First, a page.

Handling a loved one's debt after death

By Marianne Curphey

When a loved one passes away the last thing you will want to do is sort out the finances they have left behind. However, addressing these issues earlier rather than later can save you a lot of heartache and stress.

Many people will still have active credit cards after they die, and perhaps even other forms of debt. Although it comes at an emotional and stressful time, it is important to sort out this debt as soon as you can, as in some cases you might be liable for a debt that is continuing to accumulate.

The Money Advice Service has a useful checklist that takes you through what you need to do, step by step, after someone has died. Here is our own, credit card-specific list.debt-after-death

1. Cancel your loved one's cards.
One of the first steps to handling a deceased loved one's debt is to contact their credit card companies. You can do this by contacting the customer service department or visiting them in branch. The company or bank should be able to deactivate all the credit cards in the deceased's name, preventing any further transactions or fraud. You should be able to do this as soon as you produce the death certificate.

"Most credit card agreements terminate automatically when someone dies," says Dennis Hussey, an adviser at National Debtline. "The account is no longer active and the charges are halted, which means that any fees or interest is frozen at that point."

This is only true, however, for debts that are solely in the name of the deceased. Authorised users are also not responsible for the debt.

If the debt is joint, however, the survivor is expected to pay. "Broadly speaking, if the debt is a joint one then the surviving spouse is fully liable for the balance," says Hussey. "There is no provision to split the debt 50/50, for example."

"If you can't cope with the repayments on your own then you could talk to your creditors, and explain the situation," says a spokesman for debt charity Stepchange. "It might be that you can get an agreement from them."

It is also essential to understand that cancelling the card does not simply wipe out any debt.

"Creditors to whom money is owed can make a claim on the [deceased's] estate," Hussey says. An estate is the collection of a person's money, property and other assets. However, relatives can't be chased for the money if there is no money remaining in the estate.

"In many instances the debt will be written off," says the Stepchange spokesman. "If a creditor signals an intention to recover the debt from the estate, people should get legal advice and debt advice."

2. Contact an estate lawyer.
When a person dies, someone must obtain the legal right to handle their estate. If the deceased left a will, it should name a will executor. If not, a survivor will need to apply to get a grant of representation, known as probate.

Once you've completed paperwork for a grant of representation or probate, you'll be able to access things such as the person's bank account. You'll need to pay any inheritance tax that's due, then use the estate's assets to pay any debts. This process happens before any assets are distributed to those named in the will. Work closely with the estate lawyers throughout the debt management process, as they will be responsible for paying creditors.

If there is enough money in the estate to pay off credit card bills and other expenses, these will have to be settled first before money is distributed to beneficiaries.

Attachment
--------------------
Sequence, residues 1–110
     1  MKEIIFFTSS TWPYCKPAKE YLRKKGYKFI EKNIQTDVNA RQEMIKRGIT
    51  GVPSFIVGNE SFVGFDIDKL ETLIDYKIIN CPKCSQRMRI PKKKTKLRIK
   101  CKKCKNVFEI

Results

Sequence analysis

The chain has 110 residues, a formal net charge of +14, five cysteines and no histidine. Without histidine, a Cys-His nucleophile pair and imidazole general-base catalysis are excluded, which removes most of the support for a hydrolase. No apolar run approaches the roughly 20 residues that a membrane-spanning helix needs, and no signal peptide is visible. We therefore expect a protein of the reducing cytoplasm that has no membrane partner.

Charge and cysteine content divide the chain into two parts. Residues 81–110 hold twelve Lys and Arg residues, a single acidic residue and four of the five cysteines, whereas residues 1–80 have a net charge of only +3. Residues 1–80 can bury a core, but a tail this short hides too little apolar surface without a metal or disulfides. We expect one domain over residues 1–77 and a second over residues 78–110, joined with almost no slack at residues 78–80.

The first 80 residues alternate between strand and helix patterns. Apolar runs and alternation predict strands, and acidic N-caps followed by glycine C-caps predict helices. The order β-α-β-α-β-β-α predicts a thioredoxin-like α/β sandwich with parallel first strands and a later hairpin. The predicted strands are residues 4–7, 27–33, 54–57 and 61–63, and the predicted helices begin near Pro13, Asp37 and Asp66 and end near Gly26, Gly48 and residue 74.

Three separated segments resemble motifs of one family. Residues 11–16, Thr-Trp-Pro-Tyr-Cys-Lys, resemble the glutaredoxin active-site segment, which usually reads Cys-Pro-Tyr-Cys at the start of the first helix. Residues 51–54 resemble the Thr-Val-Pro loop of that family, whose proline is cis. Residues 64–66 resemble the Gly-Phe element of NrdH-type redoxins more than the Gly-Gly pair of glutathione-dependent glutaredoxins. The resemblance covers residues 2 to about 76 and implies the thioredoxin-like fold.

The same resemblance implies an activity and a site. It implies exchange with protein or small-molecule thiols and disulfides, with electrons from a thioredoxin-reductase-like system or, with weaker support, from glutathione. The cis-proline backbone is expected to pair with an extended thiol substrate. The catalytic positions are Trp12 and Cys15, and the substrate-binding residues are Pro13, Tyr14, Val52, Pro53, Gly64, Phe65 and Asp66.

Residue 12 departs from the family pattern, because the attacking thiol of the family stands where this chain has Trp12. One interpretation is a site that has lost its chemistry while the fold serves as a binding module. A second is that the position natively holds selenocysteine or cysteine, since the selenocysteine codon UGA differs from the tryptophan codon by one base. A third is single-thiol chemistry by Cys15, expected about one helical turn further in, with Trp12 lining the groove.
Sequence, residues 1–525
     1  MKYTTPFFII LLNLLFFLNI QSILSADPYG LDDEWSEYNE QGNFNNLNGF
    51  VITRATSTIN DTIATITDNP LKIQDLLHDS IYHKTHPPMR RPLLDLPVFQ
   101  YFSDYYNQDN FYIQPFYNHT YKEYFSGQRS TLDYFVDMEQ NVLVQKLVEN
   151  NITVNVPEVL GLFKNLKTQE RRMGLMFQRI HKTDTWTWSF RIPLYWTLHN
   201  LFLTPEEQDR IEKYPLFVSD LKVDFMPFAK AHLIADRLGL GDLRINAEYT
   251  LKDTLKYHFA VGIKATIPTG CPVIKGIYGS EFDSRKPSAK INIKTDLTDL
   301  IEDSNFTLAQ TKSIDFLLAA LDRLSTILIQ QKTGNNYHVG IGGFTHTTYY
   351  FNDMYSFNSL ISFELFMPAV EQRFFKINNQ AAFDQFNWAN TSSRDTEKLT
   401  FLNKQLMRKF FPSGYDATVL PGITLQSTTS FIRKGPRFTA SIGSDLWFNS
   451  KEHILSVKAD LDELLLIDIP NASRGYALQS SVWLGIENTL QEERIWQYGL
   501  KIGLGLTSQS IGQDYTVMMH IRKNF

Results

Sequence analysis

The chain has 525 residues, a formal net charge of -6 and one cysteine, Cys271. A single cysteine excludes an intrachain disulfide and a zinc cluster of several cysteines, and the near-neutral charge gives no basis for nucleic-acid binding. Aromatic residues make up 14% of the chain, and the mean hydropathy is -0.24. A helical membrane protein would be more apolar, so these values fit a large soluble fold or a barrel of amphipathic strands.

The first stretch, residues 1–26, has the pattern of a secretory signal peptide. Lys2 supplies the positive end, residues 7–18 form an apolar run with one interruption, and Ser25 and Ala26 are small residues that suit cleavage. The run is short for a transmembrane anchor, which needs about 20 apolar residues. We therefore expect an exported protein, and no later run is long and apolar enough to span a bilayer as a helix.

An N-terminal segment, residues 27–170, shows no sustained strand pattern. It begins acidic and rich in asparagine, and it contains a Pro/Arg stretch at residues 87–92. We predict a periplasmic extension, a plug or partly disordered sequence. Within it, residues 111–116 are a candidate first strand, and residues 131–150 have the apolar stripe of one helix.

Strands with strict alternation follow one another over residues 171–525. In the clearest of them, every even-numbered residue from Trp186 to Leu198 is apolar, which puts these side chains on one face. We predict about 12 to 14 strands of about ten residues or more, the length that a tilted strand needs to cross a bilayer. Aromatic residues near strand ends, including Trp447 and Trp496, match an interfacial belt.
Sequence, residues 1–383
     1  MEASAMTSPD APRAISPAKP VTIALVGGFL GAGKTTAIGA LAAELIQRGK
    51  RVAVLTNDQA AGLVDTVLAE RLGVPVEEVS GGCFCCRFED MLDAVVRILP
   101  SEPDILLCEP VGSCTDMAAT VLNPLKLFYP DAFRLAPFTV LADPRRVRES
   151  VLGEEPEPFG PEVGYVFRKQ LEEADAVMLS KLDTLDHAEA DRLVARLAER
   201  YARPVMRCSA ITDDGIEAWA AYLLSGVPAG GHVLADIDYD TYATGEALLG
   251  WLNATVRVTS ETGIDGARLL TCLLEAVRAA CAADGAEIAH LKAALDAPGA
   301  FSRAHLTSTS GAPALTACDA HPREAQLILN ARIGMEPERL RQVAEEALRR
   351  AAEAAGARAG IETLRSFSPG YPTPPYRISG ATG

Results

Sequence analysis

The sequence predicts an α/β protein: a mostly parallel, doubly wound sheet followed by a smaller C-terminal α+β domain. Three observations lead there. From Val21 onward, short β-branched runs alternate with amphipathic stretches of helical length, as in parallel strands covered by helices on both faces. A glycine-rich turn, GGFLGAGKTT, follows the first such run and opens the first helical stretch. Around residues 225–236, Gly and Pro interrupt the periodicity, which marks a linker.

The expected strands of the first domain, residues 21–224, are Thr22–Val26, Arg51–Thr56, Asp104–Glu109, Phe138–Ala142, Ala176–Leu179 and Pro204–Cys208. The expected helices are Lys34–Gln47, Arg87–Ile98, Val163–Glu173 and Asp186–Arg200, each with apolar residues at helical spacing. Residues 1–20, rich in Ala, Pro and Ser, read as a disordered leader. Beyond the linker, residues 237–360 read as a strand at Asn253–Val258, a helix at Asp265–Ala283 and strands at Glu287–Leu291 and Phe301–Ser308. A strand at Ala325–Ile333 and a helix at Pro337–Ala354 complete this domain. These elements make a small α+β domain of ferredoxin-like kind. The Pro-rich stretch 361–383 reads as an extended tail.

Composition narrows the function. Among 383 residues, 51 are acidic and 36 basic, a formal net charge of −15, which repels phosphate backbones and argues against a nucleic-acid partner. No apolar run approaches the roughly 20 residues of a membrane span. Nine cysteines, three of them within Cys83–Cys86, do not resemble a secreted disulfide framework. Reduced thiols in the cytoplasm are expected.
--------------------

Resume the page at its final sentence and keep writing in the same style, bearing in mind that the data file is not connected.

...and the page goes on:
3. Check the deceased's home ownership status.
In the event that there is not enough money in the estate to pay off debts, creditors can make a claim on remaining assets, and that includes the value of the deceased's home, which might have to be sold to settle debts.

If they did not own the home on their own, you will have to find out if the home is owned as "tenants in common" or "joint tenants". This information may be shown in the transfer or lease by which the deceased acquired the property or in a trust deed or in a will, says the Stepchange spokesman.

The difference between tenants in common and joint tenants is that in the former, each person owns different shares of the property, and the property doesn't automatically go to the other owner(s) if one dies. This means shares of the property can be passed on in a will and may be part of the deceased's estate.

Owning as joint tenants means each owner has equal rights to the whole property, and if one dies, the property automatically goes to other owner(s). A share of the property cannot be passed on in a will.

4. What happens if there is no money left?
It is the responsibility of the deceased's estate to pay any debts. However, there is an order of priority. According to HMRC, when someone dies, funeral and administration expenses are paid before any other debts. "The balance of the assets must then be distributed in accordance with the law of bankruptcy," it says. 

If the deceased has no estate, or there isn't enough money in the estate to cover all debts and expenses, then debts are written off. In this case, creditors cannot come after surviving family members for the unpaid debt.

However, be aware that some creditors may petition for an insolvency administration order if the estate is insolvent (that is, not large enough to cover expenses) and the person who died had not been presented with a bankruptcy petition prior to death. If the insolvency administration order is granted, the case is treated like a normal bankruptcy.

Creditors must petition for an insolvency administration order within five years of the death. Normally, creditors only may file an administration order if there has been an unsatisfactory administration by a legal personal representative, according to HMRC.

See related: Does credit card debt die with you?; Financial disassociation: How to get a credit divorce

Updated: 27 February 2017